Thai bombs expose dangerous new divide

Shawn W Crispin
Asia Times
Tuesday, January 2, 2007

BANGKOK –Who is responsible for the coordinated bomb attacks that rocked Thailand's capital on New Year's Eve, resulting in at least three deaths, 38 injuries and sowing fear and chaos across the general population?

The unprecedented attacks on Bangkok represent a dangerous turn in the country's already tense political situation and provide powerful new justification for the military-led Council for National

Security (CNS) military installed government to maintain martial law, augment its security presence and crack down on political dissent across the country.

Speculation in the mainstream Thai and foreign media has variously pointed to either Muslim militants who have waged a violent insurgency against the government in the country's southernmost regions, or disenfranchised politicians and soldiers still loyal to former prime minister Thaksin Shinawatra, who was ousted by the CNS in a bloodless military coup on September 19.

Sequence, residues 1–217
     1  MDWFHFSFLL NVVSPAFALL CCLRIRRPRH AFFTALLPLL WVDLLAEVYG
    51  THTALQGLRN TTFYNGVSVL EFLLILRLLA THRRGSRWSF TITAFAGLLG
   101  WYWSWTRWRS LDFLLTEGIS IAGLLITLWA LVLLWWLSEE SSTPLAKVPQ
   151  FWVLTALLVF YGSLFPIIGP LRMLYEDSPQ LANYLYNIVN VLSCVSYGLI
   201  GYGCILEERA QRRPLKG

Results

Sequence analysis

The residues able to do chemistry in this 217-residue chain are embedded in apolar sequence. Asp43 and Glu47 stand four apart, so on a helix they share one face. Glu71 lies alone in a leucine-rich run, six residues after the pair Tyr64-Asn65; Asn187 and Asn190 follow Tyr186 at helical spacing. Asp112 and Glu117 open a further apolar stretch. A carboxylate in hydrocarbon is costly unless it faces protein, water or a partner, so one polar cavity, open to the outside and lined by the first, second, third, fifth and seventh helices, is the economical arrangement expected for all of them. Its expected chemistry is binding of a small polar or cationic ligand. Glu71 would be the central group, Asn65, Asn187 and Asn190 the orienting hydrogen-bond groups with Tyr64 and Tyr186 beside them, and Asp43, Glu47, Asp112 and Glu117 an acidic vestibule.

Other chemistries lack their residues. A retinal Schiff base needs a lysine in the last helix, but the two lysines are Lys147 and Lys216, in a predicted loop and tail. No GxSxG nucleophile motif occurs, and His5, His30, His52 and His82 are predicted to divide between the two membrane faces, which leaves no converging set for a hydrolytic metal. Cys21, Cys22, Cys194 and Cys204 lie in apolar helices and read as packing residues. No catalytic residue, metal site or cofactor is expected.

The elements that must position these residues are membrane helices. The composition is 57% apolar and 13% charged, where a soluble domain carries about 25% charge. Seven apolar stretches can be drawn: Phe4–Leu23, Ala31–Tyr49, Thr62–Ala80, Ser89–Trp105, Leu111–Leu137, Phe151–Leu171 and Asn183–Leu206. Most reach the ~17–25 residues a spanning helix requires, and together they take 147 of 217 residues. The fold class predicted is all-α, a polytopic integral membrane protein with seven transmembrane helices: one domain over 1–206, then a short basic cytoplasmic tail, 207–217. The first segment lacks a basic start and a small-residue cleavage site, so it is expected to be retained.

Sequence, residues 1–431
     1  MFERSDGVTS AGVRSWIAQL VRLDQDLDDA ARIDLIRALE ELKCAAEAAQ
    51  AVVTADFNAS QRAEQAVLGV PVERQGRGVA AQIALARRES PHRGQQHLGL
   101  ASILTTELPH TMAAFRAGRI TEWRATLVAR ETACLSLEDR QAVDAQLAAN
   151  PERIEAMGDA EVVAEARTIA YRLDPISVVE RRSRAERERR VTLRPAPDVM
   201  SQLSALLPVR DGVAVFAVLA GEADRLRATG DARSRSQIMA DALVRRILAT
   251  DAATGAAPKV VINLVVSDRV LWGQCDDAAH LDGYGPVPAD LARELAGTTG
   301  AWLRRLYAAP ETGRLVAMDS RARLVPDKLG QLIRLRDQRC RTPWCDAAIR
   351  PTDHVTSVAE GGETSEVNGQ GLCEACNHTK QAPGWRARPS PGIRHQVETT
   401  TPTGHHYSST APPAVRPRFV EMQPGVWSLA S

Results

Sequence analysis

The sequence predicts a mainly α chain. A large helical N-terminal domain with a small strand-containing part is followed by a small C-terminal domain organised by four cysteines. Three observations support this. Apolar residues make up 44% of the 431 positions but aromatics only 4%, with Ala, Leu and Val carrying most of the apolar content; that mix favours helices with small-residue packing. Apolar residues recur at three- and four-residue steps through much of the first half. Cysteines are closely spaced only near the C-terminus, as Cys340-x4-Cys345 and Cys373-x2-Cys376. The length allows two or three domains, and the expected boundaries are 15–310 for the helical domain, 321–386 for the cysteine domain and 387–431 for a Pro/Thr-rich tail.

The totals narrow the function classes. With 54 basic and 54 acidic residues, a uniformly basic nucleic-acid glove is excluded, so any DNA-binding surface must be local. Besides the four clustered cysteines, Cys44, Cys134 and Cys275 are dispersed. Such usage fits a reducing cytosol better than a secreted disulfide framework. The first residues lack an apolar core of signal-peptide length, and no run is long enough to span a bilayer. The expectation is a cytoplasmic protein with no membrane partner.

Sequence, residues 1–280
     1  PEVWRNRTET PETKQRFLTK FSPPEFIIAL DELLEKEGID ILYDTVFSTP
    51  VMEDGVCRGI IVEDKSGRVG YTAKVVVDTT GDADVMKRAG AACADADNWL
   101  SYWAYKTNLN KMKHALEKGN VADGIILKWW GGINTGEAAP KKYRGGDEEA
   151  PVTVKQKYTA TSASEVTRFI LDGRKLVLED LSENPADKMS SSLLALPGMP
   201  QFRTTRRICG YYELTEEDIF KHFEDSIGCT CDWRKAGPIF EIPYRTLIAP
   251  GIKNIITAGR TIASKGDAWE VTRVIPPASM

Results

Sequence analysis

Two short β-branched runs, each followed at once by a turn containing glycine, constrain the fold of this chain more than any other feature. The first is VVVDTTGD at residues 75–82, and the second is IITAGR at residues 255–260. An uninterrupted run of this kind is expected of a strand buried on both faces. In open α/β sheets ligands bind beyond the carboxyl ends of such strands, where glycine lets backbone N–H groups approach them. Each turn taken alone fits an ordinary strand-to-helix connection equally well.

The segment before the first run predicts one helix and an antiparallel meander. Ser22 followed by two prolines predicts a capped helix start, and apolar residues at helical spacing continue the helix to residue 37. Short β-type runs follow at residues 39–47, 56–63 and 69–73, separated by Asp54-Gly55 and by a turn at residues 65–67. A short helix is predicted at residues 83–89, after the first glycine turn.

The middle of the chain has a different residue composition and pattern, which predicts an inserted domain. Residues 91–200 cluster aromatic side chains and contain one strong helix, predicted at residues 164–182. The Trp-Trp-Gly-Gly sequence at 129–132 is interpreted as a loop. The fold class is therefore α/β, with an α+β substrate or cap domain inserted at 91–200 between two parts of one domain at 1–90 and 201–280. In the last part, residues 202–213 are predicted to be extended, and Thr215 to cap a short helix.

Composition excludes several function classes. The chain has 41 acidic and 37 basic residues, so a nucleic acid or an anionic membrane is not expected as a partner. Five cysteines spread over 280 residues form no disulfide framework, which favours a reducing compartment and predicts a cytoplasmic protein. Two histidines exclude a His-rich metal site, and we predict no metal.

Yet a thorough and independent investigation into the bombings should also include a probe into the possibility that renegade elements inside the CNS itself may have masterminded the crude attacks to discredit new Prime Minister Surayud Chulanont and provide Byzantine justification for a counter coup action that ousts Surayud's interim civilian administration and ushers in a period of total military control.